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A Holocaust Love Story

A Holocaust Love Story

Lale Sokolov met the love of his life in a Nazi concentration camp – and the pair survived. After long lives together, her death spurred him on to find someone to tell his story to – and work began on the now-published book, The Tattooist of Auschwitz.

A Holocaust Love Story

Lale Sokolov was searching for someone special in December 2003. His beloved wife Gita had passed away three months earlier and, without her, he was weary and lost. From the moment he first met her while they were inmates in Auschwitz-Birkenau, Sokolov’s life had been about keeping Gita safe and loving her well. But in his grief, he found himself compelled to do something he had never dared before – share their story.

After 60 years, the ‘Tattooist of Auschwitz’ was ready to talk about it all – his role as the Tätowierer, his dealings with ‘Dr Death’ Josef Mengele, and the atrocities he witnessed daily. But most of all, he was ready to talk about finding the love of his life in a concentration camp where an estimated 1.1 million people met their death. He desperately wanted the world to learn from what he and Gita had survived.

So, in the hardest days of his twilight years, Sokolov set out to find a storyteller. He had only two criteria: the person had to be unfamiliar with Jewish culture and, most importantly, they had to be able to work fast because as soon as he was done he was “going home to his wife”. In aspiring scriptwriter Heather Morris, Sokolov found not only his storyteller but his champion. Over the hundreds of hours they spent unravelling the darkest moments of his life, they forged a friendship that took them by surprise and left them forever changed.

Morris may not have seemed the obvious choice to tell Sokolov’s story. She was an office manager in a Victorian social work department and, although she was a budding scriptwriter, she had no formal interview training and only a passing interest in history. She heard about Sokolov through a friend of a friend who knew she was on the lookout for a story. If you ask her why Sokolov chose her, she will tell you that it was her unfamiliarity with Jewish culture that appealed to him. But talking to her, you can’t help but wonder if it was her uncommon compassion and her ability to listen that drew him to her.

When they first began meeting, Sokolov was deep in mourning. His shoulders stooped, his head hung low and he would shuffle around. He would continually tell Morris to “Hurry up, I need to be with Gita”. Yet as time wore on and he opened up, she saw him start to transform emotionally and physically. “Mental experts would say ‘He unburdened’,” she says. “He shared the horror of his experiences and, by sharing that, it gave him relief to know that somebody else knew his story. He wasn’t carrying it alone. You could physically see the changes in him.” As the trust between them grew, they developed a deep bond of friendship. And although he still mourned his wife, Morris began to glimpse the playful man underneath the grief.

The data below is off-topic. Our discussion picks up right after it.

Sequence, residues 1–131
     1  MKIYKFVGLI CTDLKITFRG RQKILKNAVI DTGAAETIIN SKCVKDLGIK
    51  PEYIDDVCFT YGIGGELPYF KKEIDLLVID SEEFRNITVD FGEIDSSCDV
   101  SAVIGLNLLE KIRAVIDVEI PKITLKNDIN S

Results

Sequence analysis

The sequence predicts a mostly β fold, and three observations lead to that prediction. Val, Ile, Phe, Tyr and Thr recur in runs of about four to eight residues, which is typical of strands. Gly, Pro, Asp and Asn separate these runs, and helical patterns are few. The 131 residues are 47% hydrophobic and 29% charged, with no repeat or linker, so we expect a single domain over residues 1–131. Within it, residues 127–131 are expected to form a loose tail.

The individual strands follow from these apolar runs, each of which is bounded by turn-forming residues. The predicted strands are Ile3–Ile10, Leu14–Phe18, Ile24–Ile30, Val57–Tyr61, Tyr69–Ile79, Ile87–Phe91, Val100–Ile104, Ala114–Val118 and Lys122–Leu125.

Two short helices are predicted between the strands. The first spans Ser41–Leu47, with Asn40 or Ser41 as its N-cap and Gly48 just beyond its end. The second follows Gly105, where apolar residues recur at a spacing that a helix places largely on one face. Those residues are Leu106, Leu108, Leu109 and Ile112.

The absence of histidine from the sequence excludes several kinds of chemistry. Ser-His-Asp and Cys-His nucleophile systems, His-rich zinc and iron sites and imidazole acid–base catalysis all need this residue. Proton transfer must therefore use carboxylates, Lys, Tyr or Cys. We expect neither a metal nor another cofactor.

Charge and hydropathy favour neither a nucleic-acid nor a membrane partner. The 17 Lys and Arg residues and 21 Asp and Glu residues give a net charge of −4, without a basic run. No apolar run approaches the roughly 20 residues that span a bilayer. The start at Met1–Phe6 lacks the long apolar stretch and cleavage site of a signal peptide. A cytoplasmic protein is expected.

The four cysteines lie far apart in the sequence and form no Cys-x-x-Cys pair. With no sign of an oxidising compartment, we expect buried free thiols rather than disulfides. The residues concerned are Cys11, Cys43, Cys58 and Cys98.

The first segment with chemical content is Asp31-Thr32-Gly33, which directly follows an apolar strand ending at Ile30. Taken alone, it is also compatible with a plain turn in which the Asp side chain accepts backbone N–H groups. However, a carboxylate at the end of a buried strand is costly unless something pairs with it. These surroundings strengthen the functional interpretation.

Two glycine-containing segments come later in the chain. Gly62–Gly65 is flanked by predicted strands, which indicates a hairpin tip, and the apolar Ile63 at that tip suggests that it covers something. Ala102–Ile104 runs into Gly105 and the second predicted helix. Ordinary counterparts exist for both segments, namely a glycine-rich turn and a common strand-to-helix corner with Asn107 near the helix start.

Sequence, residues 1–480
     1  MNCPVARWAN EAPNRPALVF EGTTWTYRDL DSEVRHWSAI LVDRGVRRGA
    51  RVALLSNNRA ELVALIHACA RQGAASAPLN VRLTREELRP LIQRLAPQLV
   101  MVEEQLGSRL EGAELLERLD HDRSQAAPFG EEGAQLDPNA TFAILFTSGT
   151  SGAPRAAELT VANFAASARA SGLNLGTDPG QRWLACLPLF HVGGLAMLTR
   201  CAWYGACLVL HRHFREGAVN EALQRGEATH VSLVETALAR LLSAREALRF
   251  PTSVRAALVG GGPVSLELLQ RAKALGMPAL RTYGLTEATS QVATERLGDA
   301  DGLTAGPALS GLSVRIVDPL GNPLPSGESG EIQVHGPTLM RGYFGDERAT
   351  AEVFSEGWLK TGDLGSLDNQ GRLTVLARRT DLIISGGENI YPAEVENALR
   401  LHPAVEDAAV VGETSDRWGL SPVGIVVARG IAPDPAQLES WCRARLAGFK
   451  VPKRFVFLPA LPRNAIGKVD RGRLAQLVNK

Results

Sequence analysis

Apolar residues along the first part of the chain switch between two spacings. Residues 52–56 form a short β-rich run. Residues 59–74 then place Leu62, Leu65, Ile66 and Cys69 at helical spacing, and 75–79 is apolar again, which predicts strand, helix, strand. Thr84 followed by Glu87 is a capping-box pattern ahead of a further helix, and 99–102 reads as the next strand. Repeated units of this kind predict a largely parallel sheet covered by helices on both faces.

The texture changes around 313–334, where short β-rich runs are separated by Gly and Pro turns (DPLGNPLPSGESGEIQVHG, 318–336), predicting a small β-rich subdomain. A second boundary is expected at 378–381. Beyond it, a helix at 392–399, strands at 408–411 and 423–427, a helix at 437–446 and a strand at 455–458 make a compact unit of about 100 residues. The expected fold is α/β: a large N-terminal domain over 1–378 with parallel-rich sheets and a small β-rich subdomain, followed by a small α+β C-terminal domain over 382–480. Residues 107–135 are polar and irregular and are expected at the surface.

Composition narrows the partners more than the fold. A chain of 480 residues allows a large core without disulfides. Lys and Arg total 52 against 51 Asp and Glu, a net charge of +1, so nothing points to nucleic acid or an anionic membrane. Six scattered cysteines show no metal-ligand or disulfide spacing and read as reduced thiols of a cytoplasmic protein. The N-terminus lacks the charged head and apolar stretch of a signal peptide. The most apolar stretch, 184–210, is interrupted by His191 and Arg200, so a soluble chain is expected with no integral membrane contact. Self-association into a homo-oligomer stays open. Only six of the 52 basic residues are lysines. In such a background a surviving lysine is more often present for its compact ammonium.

Never one to be afraid of being the centre of attention, Sokolov loved the idea of his story becoming a movie and became obsessed with talking about who would play his part. Although he had initially wanted to cast Brad Pitt, it was on an outing with Morris to see The Notebook that Sokolov found his leading actor. “As soon as Ryan Gosling came on screen he stood up in the theatre, turned around to everybody and said, ‘That’s me. That’s me. He’s the one. Don’t you think he looks like me?’” Who would play Gita? “Natalie Portman. No question about it. To him she was Gita, no-one else.” With Morris’s  help, Sokolov had released the shame of his past and was proudly embracing himself as the hero of his own story.

Sadly, Sokolov didn’t live to see his celebrity counterpart on the big screen. In 2006, three days after his 90th birthday, he suffered the stroke that would eventually take him home to his beloved Gita. It was then, over a few quiet hours while he was unconscious, that Morris made her dear friend a solemn vow. “The last thing I said to him was that, ‘I will never stop trying to tell yours and Gita’s story. Never.’”

Over the following decade Morris tried to have her screenplay made into a film – entering it into competitions where she would receive encouraging feedback but never getting over that final hurdle into production. It wasn’t until a friend suggested she should turn it into a novel that Morris saw traction. At her son’s insistence, she launched a Kickstarter campaign and was eventually picked up by her editor at publisher Echo. The Tattooist of Auschwitz was published in Australia in January this year.

Morris is determined to carry her friend’s legacy forward, this year visiting Auschwitz- Birkenau for the first time in his honour as a guest speaker for Galicia Jewish Museum in Krakow, Poland. “While I’m looking forward to it at one level, another part of me is terrified of how I’m going to handle seeing firsthand what I’ve heard.” For over a decade, she immersed herself in the murky depths of the Holocaust, but she doesn’t plan on stopping any time soon. “I suspect there are a lot more stories like this that are just not told. And they should be because that’s where we get our optimism from.”

The Tattooist of Auschwitz by Heather Morris is published by Echo

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